One of the great stories of the Old West is the life of Cynthia Ann Parker. And the best telling of the story is the novel Ride the Wind by Lucia St. Clair Robson.
At about age nine, the Texas girl was kidnapped by Comanche raiders during an attack on her extended family. Her introduction to Comanche ways was brutal, but she was accepted by the band and adapted to their ways, eventually becoming the wife of a leader, and giving birth to one of the most famous Comanche leaders, known to history as Quanah Parker.
Robson’s research digs deep into the era, particularly the minute details of day-to-day Comanche life. But that research never gets in the way of her telling a compelling, absorbing, riveting story. The book’s title comes from the author’s knowledge of Cynthia Ann—Naduah, to the Comanche—as one of the horses she rode was called Wind.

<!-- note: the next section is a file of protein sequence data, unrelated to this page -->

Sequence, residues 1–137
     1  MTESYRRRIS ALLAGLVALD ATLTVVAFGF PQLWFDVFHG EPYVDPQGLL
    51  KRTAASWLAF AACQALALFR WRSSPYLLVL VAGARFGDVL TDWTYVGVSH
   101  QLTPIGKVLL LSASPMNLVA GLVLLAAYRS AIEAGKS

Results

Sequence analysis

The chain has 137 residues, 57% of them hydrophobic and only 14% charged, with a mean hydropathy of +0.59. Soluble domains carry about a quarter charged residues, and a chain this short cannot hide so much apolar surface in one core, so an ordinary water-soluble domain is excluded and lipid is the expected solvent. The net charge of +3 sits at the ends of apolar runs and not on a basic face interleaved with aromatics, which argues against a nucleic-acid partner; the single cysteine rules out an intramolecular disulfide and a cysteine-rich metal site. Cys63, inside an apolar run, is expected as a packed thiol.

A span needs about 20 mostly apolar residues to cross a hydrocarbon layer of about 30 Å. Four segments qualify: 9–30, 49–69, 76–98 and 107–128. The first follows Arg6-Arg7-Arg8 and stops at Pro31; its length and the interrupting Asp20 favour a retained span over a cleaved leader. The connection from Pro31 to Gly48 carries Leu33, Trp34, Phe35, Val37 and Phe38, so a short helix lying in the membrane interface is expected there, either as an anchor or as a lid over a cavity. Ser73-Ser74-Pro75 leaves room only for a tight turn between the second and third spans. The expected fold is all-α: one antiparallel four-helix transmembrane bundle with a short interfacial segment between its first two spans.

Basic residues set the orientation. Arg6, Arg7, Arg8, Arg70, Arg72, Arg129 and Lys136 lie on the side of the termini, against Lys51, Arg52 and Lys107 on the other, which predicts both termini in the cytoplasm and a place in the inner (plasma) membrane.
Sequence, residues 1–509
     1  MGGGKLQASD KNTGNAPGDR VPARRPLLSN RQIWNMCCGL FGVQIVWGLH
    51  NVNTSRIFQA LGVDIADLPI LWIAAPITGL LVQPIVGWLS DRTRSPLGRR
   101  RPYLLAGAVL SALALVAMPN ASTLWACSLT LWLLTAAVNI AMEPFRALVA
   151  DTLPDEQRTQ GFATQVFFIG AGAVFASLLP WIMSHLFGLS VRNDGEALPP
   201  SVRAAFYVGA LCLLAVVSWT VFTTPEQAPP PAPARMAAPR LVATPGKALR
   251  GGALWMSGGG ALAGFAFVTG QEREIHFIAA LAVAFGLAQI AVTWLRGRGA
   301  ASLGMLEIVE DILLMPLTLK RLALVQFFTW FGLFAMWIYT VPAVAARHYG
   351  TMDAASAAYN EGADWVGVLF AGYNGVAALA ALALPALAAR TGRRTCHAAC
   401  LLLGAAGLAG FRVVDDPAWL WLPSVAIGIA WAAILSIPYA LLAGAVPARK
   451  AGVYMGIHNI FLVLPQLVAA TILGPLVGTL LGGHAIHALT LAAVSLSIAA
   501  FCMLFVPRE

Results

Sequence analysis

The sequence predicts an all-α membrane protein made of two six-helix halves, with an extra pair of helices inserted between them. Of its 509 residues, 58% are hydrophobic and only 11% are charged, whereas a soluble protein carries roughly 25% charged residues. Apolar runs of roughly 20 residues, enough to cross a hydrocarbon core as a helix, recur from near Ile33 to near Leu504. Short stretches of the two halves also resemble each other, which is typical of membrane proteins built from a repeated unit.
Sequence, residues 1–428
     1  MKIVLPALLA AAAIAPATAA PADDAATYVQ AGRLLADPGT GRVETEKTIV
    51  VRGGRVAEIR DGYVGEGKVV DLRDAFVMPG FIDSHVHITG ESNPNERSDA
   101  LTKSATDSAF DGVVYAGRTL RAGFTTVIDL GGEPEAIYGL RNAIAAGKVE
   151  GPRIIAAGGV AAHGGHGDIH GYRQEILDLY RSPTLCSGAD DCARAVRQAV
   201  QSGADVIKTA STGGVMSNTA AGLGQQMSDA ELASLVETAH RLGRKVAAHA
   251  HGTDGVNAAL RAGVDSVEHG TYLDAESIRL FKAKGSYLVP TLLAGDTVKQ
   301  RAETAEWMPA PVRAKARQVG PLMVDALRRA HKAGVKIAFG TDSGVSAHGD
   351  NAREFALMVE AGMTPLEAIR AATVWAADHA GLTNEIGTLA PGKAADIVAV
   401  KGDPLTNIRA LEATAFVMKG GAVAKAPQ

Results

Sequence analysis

When “rescued” by Texas Rangers after some twenty-four years living as a Comanche, Cynthia Ann Parker never fit into white society and died, some say of a broken heart, following the death of her Comanche daughter, Prairie Flower.
Ride the Wind won the Western Writers of America Spur Award, and numerous other accolades, when published in 1982, and has remained popular ever since, and remains in print. As it should.